G/B

(redirected from Gay/Bisexual)
AcronymDefinition
G/BGay/Bisexual
G/BGateway Bridge
References in periodicals archive ?
HIV providers, other healthcare workers, and community groups can tell people with HIV where to get help applying for health insurance at the following website: https://www.healthcare.gov/ This study confirms that, as a group, black gay/bisexu-al men are younger than white gay/bisexual men.
The CDC researchers who conducted this study suggest that other factors they did not measure could contribute to lower antiretroviral use by black gay/bisexual men than by white men: HIV provider prescribing practices and differences in acceptance of antiretroviral therapy by blacks versus whites.
In addition to social stigma, gay/bisexual men suffer higher rates of childhood sexual abuse (Purcell, Patterson & Spikes 2008) and adult victimization (Herek & Sims 2008) than heterosexual men.
Gay/bisexual men frequently migrate to urban areas in an attempt to avoid discrimination and alienation and to find support and acceptance from other men like themselves (Mills et al.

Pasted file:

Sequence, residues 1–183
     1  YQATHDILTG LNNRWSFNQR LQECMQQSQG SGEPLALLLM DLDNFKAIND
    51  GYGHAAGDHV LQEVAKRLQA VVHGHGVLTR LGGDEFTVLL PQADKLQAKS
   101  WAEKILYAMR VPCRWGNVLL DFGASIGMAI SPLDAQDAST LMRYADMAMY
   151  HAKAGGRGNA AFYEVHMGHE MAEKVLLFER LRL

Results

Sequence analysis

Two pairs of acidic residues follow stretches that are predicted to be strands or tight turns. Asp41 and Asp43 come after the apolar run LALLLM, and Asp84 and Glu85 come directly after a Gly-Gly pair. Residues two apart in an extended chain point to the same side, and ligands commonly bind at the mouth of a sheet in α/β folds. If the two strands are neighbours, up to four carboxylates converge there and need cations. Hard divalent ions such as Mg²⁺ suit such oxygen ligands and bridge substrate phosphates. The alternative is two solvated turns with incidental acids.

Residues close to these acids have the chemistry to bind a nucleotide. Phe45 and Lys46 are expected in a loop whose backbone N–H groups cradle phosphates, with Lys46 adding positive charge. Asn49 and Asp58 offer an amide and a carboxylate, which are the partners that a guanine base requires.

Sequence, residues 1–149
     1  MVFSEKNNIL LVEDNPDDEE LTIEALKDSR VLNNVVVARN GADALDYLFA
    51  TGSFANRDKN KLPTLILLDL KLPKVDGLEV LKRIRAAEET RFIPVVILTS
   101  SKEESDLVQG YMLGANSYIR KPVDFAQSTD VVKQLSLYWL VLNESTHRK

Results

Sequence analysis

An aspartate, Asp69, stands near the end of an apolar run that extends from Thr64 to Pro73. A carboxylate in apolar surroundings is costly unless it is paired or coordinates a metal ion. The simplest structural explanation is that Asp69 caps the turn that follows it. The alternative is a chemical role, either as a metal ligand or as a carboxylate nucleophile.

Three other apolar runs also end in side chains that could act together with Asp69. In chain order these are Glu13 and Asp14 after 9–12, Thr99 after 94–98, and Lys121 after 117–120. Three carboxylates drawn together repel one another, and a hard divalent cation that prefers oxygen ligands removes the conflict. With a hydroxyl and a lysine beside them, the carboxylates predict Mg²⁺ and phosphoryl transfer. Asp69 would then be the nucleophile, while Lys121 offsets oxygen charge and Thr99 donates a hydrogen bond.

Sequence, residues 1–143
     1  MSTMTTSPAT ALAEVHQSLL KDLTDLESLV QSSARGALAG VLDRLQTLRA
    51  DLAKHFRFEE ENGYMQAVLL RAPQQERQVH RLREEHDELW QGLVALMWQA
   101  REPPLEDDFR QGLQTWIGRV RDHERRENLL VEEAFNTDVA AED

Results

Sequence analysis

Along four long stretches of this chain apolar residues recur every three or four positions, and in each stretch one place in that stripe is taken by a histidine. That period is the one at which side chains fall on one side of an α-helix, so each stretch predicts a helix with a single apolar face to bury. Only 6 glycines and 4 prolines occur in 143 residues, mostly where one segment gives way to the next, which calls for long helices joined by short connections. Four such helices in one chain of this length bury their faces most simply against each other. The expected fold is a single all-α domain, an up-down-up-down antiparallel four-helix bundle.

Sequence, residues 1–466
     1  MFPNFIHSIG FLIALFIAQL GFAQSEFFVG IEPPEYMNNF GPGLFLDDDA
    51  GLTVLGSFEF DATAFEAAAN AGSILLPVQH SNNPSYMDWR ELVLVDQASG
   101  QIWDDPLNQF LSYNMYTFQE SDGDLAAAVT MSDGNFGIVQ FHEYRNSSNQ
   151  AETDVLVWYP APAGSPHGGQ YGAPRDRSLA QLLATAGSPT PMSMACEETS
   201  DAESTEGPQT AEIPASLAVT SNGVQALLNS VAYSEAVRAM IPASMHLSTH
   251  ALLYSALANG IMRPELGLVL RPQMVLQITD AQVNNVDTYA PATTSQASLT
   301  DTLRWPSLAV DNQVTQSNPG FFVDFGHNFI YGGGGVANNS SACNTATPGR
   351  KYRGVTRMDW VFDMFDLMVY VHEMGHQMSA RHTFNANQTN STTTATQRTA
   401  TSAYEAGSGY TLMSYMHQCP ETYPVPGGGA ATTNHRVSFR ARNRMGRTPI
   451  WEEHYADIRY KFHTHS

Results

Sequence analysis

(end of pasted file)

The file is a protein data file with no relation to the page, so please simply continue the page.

This is somewhat surprising, given the disproportionate impact of substance abuse and dependence on gay/bisexual men and the large role that drug abuse and drug distribution play in the U.S.
Only one study of gay/bisexual male arrest histories was uncovered in an extensive search.
As a well-known migration destination for gay/bisexual men, and with an estimated 76,500 MSM in Miami alone (Lieb et al.
The measure is widely used in research on gay/bisexual men, highly predictive of HIV risk behaviors, and showed good internal consistency (alpha=.76) in the present study.
Descriptive statistics were calculated to describe the sample in terms of demographics, social stability, mental health, victimization, substance use and sexual risk behaviors, as well as to investigate the nature and extent of the arrest histories of these highly vulnerable gay/bisexual men.
Sexual sensation seeking was high for the sample in comparison to other studies of gay/bisexual men (Stolte, De Wit & Kolader 2006; Kalichman & Rompa 1995).
First, the results are likely not generalizable to the overall population of gay/bisexual men in Miami because of the stringent eligibility requirements needed to generate a very high-risk sample for the intervention field trial.
* HIV gay/bisexual men versus other HIV-positive men: 3.3 times higher risk